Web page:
Why Is My House So Dusty? Three Ways to Fight Dust in Your Dixon Home
With St. Patrick’s Day behind us and Easter around the corner, we’re in the middle of spring here in the Valley. It finally started raining again after that long dry spell, and the fruit trees are even blooming. Spring may be the right time for some bunnies, but you shouldn’t have massive dust bunnies in your home. If you find yourself dusting a lot, whether it’s more than usual or just more than you’d like, your HVAC system could be part of the problem, as well as part of the solution.
The Dust Problem
Dust is an aggregate of microparticles that have been released into your home environment. What that means is that dust is little bits of lots of things, but mostly skin and hair, with some lint thrown in for good measure. It’s hard to say if there’s anything you can do to produce more or less dust in general; the fact is, if your home seems dusty, the problem is likely in dust management. Basically, it’s not that too much dust is being created, but that it’s not being effectively removed.
Dusting won’t fix this issue. Imagine all the dust in your home: the dust on your furniture is just a fraction of that total amount. The rest of the dust is in the air, in the ducts, in the HVAC system, and outside waiting to come in — it’s no wonder dusting does so little good. And vacuuming can actually make the problem worse: unless your vacuum filter is very, very effective, vacuums often suck dust out of the carpet and put it back into the air.
So what can you do? Well, there are two big steps to take that will help, and another step that may not be necessary but will help to prevent more dust from coming into your home. Whether you live in an old home that’s dusty and drafty or are constantly sweeping dust off the counter in your suburban dream house, these steps will help you combat dust and achieve better quality of life in your house.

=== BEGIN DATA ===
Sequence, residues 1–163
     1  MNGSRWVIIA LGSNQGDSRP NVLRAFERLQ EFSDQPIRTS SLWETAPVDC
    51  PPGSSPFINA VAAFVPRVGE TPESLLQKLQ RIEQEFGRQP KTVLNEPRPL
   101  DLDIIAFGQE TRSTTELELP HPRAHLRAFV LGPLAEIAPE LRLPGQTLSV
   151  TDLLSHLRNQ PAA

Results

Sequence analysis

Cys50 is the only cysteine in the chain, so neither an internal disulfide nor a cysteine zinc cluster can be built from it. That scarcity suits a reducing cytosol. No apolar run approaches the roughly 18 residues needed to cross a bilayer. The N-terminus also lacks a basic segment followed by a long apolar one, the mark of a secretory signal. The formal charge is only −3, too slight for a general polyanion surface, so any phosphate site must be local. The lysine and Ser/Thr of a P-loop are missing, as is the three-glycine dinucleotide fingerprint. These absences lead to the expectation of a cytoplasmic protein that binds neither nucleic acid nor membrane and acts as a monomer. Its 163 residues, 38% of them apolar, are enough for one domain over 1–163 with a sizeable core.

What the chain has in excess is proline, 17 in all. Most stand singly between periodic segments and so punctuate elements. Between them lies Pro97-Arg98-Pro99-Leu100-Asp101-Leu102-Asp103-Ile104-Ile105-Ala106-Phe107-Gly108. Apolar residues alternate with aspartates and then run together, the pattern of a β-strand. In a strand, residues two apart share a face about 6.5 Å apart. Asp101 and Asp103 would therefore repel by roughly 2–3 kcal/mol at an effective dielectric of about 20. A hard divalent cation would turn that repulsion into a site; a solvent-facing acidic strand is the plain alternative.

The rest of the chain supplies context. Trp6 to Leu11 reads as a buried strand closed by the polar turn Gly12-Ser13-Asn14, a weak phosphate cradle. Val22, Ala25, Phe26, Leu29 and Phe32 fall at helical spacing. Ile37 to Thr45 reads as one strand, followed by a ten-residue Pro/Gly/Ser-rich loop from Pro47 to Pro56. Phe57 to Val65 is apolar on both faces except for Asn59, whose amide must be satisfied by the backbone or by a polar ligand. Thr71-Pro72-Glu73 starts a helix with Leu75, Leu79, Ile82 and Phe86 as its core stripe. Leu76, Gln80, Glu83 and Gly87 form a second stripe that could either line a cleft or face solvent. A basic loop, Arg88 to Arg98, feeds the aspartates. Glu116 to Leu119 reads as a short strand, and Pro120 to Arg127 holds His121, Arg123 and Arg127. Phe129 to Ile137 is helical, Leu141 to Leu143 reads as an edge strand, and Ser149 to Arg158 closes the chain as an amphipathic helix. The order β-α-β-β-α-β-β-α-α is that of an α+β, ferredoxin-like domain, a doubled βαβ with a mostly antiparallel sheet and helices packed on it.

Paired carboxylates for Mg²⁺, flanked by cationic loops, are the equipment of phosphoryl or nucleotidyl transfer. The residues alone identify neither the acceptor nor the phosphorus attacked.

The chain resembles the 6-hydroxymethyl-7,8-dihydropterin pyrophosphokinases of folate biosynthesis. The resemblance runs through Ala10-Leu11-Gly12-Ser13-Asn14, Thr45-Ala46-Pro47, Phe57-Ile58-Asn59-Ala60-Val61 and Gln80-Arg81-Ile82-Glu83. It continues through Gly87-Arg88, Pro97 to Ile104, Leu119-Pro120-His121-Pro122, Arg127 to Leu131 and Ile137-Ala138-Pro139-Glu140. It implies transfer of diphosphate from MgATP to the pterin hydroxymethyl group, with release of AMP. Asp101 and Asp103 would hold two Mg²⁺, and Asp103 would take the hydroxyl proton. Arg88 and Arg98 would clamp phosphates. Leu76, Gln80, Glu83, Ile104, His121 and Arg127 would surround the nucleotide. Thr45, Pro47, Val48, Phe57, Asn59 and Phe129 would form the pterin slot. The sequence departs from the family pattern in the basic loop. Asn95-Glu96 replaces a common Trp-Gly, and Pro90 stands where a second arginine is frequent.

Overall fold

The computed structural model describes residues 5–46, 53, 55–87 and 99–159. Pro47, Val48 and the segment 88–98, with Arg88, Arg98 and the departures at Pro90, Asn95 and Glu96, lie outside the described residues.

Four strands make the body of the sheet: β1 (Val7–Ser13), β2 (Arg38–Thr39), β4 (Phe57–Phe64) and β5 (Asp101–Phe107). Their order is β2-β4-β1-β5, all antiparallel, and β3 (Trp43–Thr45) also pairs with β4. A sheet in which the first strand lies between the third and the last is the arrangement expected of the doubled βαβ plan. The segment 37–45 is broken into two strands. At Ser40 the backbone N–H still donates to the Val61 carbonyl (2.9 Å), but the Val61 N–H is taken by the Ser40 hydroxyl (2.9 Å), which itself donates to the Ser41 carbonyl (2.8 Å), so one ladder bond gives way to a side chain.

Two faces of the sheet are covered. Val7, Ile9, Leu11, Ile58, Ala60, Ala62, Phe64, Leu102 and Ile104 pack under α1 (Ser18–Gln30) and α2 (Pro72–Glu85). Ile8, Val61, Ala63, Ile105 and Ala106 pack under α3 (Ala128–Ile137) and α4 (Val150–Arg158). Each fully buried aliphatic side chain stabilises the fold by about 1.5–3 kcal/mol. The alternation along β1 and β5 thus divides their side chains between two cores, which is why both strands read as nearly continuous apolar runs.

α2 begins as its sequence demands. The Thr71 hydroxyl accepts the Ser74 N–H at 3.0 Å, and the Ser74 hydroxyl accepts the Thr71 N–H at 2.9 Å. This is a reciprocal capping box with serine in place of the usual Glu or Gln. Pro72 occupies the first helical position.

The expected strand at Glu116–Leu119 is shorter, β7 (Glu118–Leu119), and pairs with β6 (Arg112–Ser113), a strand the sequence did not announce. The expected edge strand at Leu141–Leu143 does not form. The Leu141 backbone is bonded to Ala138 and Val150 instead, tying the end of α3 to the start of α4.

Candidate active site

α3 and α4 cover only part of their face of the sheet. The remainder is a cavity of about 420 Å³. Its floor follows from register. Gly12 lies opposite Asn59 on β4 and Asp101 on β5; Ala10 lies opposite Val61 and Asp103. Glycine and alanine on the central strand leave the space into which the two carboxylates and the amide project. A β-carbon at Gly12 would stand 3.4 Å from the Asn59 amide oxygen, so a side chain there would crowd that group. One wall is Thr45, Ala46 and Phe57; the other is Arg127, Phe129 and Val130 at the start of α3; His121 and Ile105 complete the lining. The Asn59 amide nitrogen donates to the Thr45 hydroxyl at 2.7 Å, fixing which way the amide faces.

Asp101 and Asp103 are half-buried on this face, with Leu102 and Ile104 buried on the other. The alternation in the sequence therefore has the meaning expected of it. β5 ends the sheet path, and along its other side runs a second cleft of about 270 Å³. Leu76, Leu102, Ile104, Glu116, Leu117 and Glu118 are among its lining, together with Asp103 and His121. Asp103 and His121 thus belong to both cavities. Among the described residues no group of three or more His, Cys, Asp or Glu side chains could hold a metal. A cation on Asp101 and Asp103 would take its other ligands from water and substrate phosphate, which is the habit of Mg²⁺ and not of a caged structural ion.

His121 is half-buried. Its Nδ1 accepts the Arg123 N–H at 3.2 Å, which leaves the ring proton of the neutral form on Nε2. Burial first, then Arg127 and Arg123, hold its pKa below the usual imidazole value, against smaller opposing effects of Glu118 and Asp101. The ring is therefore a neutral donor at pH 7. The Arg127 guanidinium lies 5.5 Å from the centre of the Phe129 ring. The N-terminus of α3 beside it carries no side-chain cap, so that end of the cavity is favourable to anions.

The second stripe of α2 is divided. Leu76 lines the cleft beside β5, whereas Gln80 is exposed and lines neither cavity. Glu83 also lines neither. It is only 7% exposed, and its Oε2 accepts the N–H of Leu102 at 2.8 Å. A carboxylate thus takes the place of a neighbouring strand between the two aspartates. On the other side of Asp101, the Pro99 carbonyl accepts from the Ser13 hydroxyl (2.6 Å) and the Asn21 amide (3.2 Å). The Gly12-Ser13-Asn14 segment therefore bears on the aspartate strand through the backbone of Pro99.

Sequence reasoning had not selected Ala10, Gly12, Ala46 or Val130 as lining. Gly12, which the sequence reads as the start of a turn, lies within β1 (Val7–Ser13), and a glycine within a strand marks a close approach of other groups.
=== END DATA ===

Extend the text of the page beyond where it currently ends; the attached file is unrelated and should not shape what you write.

Step 1: Your HVAC Filters
Ideally, you’re changing your filters every 2-4 months. If your home seems really, really dusty, changing your HVAC filter can only help. The fact is, a lot of dusting is doing the same thing as vacuuming — simply putting dust back into the air. If you live in a hot, arid climate (like ours in the summer), you’re probably getting a fair bit of dust coming in from the outside. Your filters combat both of these issues: as air passes through them, particulate matter (like dust or pet dander) gets caught and stays put.
But if the filters are filthy, air won’t pass through, and dust will simply bounce off and settle somewhere else in the house. Invest in quality filters; you can get a recommendation on brands from a trusted HVAC contractor. Change your filters regularly, stay on top of routine maintenance, and make sure you’re not skimping on filters.
Step 2: Your Ducts
Leaky ducts can also cause real trouble. When your ducts leak, not only does that make your system work harder and less effectively, but it also allows air to escape and enter the system without passing through filters. It’s like running water through a hose with a bunch of holes in it — it’s not going to work very well.
This makes a perfect storm to spread dust around the home, drawing it up from one place (in or outside the house) and depositing it somewhere else. Take a look at a vent cover in your home. If it looks “linty,” your ducts might be a problem.
Sealing up those ducts and giving them a good cleaning will fix these issues. You’ll probably notice less dust, and you’ll also see a boost in performance — and possibly a drop in your utility bill!
Step 3: Outside Air, Humidity, and Everything Else
Making sure the outside air that comes into your home is clean is a good step toward eliminating dust. Our air-purifying technology blasts even the smallest debris from the incoming air, resulting in clean and fresh air in your home. For a more in-depth look at the purifiers we install, check out this blog from January where we delve into the subject of air purifiers in detail.
Humidity is also a factor in dust control. Dry air can mean more dust (and dust, in turn, is a sign of dry air), so it’s important to strike a balance with the humidity in your home. If your air is too dry, it can be a sign of HVAC issues present or on the way.
There are many other factors that can contribute to dust in the home. If you’re having these issues, don’t hesitate to call an HVAC guy you can trust. They’ll take your specific situation into account and help come up with a game plan to make your home low-dust and low-maintenance.